“My father got a dingy and we all got in, but my father said we couldn’t take my dog, Licia, because he couldn’t fit in the boat,” Khan said. “I was crying for my dog. Then Licia jumped in the water and started to swim after us.”
In exile with Licia for months as the war raged, the family watched as hundreds of thousands of people died. But finally, East Pakistan was liberated and became Bangladesh.
“It was the 16th of December, 1971,” Khan said. “A nation was born right before my eyes.”
His parents remained building the new nation, and when his father died he was the Senior Deputy Secretary of Military Defense in Bangladesh.
But Khan knew the United States was the country he wanted to call his home, emigrating in 1981, a citizen by 1988.
With his wife Nanni, he’s run a successful business here, they started and raised their family here. Their 24-year old daughter, Nusrath, a general accountant at Raytheon, is working on her masters. Son Atik, 18, is a college student at Bryant.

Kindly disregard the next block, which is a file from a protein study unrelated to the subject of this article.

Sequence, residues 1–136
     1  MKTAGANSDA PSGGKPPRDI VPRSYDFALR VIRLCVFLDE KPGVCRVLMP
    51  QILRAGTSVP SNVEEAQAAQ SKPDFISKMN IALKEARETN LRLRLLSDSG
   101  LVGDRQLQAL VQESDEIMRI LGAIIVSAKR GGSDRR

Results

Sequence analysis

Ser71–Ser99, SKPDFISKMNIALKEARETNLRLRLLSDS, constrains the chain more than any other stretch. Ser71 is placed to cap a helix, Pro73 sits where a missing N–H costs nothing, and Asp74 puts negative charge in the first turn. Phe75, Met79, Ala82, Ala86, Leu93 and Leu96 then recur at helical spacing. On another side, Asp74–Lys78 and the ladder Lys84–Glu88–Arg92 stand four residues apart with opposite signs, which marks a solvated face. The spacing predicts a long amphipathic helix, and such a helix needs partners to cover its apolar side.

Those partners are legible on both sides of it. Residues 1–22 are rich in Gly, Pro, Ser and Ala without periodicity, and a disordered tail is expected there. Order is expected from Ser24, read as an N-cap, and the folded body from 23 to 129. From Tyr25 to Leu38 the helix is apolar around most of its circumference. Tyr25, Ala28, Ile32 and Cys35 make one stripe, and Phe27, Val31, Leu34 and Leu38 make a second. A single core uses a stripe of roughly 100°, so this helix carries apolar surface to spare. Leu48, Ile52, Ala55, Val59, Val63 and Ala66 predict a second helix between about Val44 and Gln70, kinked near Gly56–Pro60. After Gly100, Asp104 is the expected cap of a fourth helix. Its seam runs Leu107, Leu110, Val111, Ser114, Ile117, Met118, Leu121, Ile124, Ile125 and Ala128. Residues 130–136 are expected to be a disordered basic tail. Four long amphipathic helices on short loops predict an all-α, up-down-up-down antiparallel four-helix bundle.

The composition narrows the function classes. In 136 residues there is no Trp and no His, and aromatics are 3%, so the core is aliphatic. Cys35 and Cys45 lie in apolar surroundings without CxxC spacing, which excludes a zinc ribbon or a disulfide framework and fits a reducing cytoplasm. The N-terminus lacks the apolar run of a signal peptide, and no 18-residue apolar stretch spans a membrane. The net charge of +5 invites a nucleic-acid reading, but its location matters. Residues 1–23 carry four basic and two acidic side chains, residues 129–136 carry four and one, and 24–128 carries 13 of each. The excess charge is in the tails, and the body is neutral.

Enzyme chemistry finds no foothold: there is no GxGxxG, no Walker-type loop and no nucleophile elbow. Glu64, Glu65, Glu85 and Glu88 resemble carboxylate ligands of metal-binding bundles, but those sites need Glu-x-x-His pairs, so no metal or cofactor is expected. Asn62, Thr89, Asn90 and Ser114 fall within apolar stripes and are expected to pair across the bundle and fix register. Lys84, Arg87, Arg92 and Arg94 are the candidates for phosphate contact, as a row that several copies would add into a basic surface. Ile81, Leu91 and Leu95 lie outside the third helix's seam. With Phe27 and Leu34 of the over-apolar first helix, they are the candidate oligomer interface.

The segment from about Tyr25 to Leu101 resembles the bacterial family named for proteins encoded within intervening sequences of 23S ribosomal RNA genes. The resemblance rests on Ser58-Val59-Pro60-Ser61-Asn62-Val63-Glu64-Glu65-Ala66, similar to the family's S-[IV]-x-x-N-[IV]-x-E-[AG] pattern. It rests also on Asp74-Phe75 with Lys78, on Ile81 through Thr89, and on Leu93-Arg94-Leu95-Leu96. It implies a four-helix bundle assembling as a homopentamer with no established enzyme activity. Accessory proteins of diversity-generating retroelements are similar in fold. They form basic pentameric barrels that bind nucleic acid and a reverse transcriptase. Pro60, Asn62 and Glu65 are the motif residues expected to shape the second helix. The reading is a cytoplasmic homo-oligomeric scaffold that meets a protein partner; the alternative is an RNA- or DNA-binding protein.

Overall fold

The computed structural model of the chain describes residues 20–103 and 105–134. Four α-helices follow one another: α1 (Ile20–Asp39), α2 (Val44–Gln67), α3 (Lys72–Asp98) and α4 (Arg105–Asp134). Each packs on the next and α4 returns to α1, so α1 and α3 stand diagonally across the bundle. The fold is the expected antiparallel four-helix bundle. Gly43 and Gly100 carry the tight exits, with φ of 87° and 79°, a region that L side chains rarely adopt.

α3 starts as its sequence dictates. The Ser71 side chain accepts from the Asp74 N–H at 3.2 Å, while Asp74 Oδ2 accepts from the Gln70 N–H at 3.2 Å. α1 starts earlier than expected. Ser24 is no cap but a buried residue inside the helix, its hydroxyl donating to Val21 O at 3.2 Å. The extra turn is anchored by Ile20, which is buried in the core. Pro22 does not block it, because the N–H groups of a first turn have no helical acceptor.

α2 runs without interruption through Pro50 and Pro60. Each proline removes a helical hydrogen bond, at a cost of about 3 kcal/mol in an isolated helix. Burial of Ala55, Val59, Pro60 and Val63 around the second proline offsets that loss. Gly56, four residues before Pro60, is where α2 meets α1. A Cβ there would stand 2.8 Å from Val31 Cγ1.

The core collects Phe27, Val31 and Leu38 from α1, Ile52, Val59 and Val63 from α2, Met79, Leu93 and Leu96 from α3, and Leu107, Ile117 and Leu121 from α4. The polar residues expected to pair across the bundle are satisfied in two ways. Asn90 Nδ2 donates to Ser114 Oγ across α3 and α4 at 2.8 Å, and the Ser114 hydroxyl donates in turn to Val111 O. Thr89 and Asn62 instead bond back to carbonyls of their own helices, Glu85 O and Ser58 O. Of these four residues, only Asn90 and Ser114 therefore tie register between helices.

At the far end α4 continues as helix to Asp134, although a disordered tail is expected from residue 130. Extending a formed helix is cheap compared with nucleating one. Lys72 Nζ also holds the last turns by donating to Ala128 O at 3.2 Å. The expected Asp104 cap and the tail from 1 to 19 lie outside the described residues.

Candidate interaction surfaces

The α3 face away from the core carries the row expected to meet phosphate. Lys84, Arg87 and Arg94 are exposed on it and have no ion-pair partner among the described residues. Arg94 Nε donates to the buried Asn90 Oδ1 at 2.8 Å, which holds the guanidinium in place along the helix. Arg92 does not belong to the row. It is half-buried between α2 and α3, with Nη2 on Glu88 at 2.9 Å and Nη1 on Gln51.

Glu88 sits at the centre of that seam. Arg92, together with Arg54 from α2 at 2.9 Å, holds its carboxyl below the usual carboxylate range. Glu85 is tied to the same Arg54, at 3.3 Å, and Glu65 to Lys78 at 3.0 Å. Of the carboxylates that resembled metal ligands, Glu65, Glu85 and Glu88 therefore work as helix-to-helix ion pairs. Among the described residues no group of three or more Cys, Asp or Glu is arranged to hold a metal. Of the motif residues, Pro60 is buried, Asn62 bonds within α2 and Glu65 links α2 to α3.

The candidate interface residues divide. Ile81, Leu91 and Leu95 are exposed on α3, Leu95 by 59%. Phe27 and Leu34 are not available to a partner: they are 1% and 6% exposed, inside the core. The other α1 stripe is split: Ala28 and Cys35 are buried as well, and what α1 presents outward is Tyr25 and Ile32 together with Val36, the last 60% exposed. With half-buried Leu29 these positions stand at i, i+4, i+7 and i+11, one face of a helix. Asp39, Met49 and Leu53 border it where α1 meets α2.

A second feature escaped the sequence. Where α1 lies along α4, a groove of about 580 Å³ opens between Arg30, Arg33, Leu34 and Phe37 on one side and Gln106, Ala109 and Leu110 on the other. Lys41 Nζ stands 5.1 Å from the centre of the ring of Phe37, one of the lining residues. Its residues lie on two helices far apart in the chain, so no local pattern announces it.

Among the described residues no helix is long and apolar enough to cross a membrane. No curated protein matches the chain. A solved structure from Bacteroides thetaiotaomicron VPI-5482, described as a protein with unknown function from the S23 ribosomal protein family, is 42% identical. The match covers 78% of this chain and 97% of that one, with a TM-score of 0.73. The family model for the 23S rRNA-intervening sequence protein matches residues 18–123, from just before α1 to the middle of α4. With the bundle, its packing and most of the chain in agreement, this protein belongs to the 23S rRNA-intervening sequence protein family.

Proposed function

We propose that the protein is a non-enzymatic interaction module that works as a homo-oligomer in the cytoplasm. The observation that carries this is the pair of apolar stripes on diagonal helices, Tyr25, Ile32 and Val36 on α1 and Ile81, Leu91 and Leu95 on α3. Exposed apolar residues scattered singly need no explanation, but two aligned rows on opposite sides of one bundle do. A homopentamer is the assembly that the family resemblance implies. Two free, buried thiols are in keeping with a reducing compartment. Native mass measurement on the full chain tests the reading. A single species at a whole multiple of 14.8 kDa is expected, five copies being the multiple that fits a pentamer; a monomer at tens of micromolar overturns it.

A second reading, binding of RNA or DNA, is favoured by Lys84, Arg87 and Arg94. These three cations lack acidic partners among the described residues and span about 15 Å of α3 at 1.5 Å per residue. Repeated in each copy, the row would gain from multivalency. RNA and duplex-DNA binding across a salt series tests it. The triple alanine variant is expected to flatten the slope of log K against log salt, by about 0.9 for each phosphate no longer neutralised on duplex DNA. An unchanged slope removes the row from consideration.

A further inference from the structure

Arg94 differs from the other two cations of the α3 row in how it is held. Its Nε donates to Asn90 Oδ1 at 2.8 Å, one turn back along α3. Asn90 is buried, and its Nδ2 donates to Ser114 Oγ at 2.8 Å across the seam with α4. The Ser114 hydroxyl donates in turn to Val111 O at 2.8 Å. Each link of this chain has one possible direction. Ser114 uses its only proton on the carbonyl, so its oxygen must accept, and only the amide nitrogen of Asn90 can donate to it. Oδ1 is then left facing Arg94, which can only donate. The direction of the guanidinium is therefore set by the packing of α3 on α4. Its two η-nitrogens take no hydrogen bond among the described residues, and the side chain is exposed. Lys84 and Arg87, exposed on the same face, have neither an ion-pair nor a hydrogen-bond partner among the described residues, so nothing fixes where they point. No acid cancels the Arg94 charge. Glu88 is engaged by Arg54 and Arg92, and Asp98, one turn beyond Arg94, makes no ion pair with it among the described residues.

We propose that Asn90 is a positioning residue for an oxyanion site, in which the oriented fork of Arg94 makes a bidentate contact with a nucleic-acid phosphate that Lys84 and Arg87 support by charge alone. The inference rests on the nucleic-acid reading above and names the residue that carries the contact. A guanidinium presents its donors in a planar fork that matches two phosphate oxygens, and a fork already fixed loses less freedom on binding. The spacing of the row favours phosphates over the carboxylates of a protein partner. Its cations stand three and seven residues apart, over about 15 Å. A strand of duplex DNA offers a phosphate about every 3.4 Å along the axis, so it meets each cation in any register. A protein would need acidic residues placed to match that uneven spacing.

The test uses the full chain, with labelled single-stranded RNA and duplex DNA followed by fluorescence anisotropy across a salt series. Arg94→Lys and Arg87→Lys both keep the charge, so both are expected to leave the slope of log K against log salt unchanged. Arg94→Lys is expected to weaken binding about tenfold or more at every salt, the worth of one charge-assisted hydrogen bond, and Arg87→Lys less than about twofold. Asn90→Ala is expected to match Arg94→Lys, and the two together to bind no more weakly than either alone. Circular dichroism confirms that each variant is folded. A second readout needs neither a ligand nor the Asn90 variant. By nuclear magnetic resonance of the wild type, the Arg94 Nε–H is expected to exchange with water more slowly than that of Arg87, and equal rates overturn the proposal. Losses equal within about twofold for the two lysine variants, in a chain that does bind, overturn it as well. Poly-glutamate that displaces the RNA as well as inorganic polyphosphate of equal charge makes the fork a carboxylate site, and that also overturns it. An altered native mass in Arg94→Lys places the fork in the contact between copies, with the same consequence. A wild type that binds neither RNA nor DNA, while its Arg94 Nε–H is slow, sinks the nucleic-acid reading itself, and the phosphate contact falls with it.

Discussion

“They’ve both made us so proud,” he said.
And all of it – his youth in Bangladesh, his life here – gives Khan perspective to appreciate what he has more than most.
“When I was in Concord at the State House this week I met the new (Republican) Minority Leader, Gene Chandler,” Khan said. “He said he looked forward to working with me. Where else could this happen. Where else but America.”